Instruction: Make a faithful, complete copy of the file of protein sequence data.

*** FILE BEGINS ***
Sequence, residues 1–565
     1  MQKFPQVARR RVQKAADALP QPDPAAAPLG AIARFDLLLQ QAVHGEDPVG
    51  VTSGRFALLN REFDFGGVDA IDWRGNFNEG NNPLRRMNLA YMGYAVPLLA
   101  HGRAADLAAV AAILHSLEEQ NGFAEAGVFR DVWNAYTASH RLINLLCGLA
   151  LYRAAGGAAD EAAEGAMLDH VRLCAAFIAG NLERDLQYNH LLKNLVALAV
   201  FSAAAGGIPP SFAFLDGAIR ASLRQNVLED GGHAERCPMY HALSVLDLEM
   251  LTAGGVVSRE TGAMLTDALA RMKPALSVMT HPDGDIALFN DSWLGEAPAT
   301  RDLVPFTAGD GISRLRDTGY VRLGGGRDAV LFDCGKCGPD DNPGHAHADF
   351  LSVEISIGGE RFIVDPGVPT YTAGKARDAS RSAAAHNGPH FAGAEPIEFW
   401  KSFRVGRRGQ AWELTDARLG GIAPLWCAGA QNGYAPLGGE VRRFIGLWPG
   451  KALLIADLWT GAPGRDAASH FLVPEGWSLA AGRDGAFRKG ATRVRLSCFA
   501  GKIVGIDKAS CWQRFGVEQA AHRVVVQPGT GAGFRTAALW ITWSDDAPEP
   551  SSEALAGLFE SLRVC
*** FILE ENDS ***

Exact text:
Sequence, residues 1–565
     1  MQKFPQVARR RVQKAADALP QPDPAAAPLG AIARFDLLLQ QAVHGEDPVG
    51  VTSGRFALLN REFDFGGVDA IDWRGNFNEG NNPLRRMNLA YMGYAVPLLA
   101  HGRAADLAAV AAILHSLEEQ NGFAEAGVFR DVWNAYTASH RLINLLCGLA
   151  LYRAAGGAAD EAAEGAMLDH VRLCAAFIAG NLERDLQYNH LLKNLVALAV
   201  FSAAAGGIPP SFAFLDGAIR ASLRQNVLED GGHAERCPMY HALSVLDLEM
   251  LTAGGVVSRE TGAMLTDALA RMKPALSVMT HPDGDIALFN DSWLGEAPAT
   301  RDLVPFTAGD GISRLRDTGY VRLGGGRDAV LFDCGKCGPD DNPGHAHADF
   351  LSVEISIGGE RFIVDPGVPT YTAGKARDAS RSAAAHNGPH FAGAEPIEFW
   401  KSFRVGRRGQ AWELTDARLG GIAPLWCAGA QNGYAPLGGE VRRFIGLWPG
   451  KALLIADLWT GAPGRDAASH FLVPEGWSLA AGRDGAFRKG ATRVRLSCFA
   501  GKIVGIDKAS CWQRFGVEQA AHRVVVQPGT GAGFRTAALW ITWSDDAPEP
   551  SSEALAGLFE SLRVC